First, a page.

Serra's monumental abstract creations reoriented the view as sculpture in space.

Serra's monumental abstract creations reoriented the view as sculpture in space.

American artist Richard Serra died last week at age 85. His lawyer, John Silberman, confirmed to The New York Times that the cause was pneumonia.

Though now remembered as one of the most important sculptors to emerge in the 20th century, Serra initially sought to become a painter. Born in 1938 in San Francisco, he received a BA in English Literature from the University of California, Santa Barbara, then went on to obtain a BFA and MFA from Yale.

In 1965 and 1966 he travelled to Europe where he saw Velazquez's Las Meninas at the Prado Museum. There, he realised that he could not be a painter.

'I thought there was no possibility of me getting close to that,' he once told critic Calvin Tomkins.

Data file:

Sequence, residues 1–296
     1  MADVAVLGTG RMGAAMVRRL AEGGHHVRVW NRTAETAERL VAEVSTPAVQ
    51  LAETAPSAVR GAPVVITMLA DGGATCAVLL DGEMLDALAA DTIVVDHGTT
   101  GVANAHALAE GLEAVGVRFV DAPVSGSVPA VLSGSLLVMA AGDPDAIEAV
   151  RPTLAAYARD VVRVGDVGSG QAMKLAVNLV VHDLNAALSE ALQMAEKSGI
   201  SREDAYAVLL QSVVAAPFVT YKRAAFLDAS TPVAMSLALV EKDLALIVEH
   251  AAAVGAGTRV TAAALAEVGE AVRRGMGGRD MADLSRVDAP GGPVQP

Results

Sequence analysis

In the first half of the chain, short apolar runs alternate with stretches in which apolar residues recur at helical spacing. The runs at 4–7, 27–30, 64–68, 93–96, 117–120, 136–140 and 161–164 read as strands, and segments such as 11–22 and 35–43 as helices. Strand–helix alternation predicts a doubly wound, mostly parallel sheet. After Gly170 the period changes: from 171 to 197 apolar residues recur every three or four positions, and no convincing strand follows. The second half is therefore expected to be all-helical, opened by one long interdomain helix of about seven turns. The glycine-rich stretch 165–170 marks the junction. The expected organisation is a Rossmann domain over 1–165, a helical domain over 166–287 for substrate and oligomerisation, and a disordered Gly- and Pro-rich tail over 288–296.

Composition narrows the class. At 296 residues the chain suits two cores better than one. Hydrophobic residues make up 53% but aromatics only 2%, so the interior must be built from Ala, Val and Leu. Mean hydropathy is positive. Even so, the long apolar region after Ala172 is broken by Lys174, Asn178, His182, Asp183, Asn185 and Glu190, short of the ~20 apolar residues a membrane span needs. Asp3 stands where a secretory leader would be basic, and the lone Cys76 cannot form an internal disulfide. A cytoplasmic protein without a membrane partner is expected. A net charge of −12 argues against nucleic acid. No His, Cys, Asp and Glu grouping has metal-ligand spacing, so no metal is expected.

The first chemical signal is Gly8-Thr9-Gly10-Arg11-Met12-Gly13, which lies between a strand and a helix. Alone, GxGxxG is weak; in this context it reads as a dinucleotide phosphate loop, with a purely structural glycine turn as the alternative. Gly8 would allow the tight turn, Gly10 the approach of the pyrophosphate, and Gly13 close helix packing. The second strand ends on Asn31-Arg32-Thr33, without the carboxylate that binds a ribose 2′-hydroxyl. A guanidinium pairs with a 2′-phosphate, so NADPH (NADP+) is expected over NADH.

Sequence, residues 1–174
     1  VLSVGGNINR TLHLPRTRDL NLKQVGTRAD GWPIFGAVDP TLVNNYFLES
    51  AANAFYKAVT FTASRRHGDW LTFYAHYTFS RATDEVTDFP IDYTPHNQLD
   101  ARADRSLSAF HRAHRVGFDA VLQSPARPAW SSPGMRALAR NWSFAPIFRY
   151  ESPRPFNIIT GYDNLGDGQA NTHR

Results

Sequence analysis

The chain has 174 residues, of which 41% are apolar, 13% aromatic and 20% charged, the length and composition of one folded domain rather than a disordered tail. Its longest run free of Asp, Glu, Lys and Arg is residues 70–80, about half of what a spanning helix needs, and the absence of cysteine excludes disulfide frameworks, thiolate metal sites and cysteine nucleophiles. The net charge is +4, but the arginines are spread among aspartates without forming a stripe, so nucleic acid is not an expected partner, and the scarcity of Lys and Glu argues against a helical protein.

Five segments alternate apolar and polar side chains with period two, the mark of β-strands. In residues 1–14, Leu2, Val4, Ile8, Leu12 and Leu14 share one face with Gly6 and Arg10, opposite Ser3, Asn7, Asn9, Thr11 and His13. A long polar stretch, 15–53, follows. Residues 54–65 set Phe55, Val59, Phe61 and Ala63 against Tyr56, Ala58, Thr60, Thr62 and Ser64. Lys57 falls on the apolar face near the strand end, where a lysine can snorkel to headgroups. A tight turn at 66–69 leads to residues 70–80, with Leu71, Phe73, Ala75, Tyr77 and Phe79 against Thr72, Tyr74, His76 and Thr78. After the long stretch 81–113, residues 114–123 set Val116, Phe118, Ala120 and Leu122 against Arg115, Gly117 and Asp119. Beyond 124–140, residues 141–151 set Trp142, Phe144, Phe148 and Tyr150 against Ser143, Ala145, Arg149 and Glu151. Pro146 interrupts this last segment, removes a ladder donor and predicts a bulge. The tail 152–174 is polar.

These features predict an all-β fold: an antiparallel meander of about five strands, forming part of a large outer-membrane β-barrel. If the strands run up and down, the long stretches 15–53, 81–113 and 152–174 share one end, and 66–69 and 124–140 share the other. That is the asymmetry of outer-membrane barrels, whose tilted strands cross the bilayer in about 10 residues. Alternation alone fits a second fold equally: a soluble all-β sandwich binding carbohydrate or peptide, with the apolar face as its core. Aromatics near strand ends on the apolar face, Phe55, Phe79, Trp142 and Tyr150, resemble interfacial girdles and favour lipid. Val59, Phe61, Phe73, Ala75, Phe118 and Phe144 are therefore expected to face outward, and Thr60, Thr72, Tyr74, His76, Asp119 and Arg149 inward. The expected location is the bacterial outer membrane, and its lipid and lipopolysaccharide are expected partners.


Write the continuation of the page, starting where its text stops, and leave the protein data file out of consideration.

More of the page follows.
Returning to New York, Serra began to work with industrial materials and unconventional forms of sculpture. 'Splash' (1968–1970) saw him famously throw molten lead at the point where the wall met the floor in galleries, while Thirty-five Feet of Lead Rolled Up (1968) involved unrolling and tightly rolling a sheet of lead.

Serra carried out numerous site-specific installation commissions in his lifetime. Perhaps the most famous and notorious is Tilted Arc (1981), a gently curving rusted corten steel arc installed across the Foley Federal Plaza in New York. The work elicited negative feedback from civic workers around the area, who petitioned to remove it from the plaza. Although Tilted Arc was removed in 1989, it continues to influence conversations about site-specific works and the nature of public sculpture.

Internationally recognised for his work, Serra was awarded the Golden Lion for Lifetime Achievement at the 49th Venice Biennale in 2001. He was also acknowledged with the National Order of the Legion of Honour in France (2015) and the J. Paul Getty Medal (2018), among other accolades.

Serra's work is currently on view at Galerie Lelong & Co. in Paris until 30 April. A solo presentation of his drawings opens at David Zwirner, London, on 9 April. —[O]

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